The Servile State

The Servile State is a book written by Hilaire Belloc in 1912 about economics. Although it mentions distributism, for which he and his friend G. K. Chesterton are famous, it avoids explicit advocacy of that economic system.

This book lays out, in very broad outline, Belloc's version of European economic history, starting with ancient states, in which slavery was critical to the economy, through the medieval economies based on serf and peasant labor, to capitalism. Belloc argues that the development of capitalism was not a natural consequence of the Industrial Revolution, but a consequence of the earlier dissolution of the monasteries in England, which then shaped the course of English industrialization. English capitalism then spread across the world.

Belloc then makes his case for the natural instability of pure capitalism and discusses how he believes that attempts to reform capitalism will lead almost inexorably to an economy in which state regulation has removed the freedom of capitalism and thereby replaced capitalism with the Servile State, which shares with ancient slavery the fact that positive law (as opposed to custom or economic necessity by themselves) dictates that certain people will work for others, who likewise must take care of them.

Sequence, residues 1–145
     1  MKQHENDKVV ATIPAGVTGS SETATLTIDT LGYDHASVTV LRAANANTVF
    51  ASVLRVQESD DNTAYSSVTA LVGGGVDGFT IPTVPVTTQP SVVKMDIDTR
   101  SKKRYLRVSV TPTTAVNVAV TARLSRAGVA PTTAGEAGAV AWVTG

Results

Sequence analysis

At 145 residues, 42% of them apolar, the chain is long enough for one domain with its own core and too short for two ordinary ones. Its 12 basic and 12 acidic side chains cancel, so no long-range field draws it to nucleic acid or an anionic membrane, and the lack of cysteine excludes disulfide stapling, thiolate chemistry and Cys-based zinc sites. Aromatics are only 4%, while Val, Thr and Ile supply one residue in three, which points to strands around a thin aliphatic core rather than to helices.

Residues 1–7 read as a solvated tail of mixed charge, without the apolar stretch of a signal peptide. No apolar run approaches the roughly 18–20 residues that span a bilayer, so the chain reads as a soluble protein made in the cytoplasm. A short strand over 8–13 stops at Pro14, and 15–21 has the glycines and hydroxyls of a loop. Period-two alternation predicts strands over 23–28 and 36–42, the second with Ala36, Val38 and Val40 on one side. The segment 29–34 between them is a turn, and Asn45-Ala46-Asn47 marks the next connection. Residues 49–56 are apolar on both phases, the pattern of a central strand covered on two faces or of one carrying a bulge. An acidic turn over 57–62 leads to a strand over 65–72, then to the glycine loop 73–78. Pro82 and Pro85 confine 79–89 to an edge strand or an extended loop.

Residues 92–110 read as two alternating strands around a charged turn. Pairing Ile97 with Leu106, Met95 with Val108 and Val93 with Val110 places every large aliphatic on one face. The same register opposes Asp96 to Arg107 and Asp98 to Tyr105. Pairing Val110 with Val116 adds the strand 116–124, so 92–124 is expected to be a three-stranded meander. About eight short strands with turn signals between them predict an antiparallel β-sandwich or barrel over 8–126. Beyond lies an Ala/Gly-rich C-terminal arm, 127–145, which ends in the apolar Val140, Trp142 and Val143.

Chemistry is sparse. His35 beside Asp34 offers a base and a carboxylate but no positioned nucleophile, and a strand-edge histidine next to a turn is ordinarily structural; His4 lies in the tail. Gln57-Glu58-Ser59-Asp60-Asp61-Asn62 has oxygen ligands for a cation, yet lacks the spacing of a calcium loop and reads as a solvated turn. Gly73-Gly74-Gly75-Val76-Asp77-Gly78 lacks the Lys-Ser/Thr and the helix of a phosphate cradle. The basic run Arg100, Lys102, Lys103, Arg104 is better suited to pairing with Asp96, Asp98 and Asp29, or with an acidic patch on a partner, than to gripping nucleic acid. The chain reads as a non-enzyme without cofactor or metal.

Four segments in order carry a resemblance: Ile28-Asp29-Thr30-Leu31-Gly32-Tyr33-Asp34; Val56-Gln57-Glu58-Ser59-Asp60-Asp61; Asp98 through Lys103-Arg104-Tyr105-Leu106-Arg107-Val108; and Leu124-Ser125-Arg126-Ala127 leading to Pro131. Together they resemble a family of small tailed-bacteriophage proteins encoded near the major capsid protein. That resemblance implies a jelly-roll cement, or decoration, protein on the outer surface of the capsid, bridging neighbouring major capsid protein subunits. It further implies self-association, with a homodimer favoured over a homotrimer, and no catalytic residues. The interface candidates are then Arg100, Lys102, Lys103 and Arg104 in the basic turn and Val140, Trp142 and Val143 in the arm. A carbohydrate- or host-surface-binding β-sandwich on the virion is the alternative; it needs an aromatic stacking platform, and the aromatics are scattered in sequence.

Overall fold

George Orwell described the work as written in a "tiresome style" and argued that the remedy it suggested was "impossible". However, he considered that it foretold the sorts of things that were happening in the 1930s with "remarkable insight".

Famous quotes containing the words servile and/or state:

    Whatever offices of life are performed by women of culture and refinement are thenceforth elevated; they cease to be mere servile toils, and become expressions of the ideas of superior beings.
    Harriet Beecher Stowe (1811–1896)

    Most of the folktales dealing with the Indians are lurid and romantic. The story of the Indian lovers who were refused permission to wed and committed suicide is common to many places. Local residents point out cliffs where Indian maidens leaped to their death until it would seem that the first duty of all Indian girls was to jump off cliffs.
    —For the State of Iowa, U.S. public relief program (1935-1943)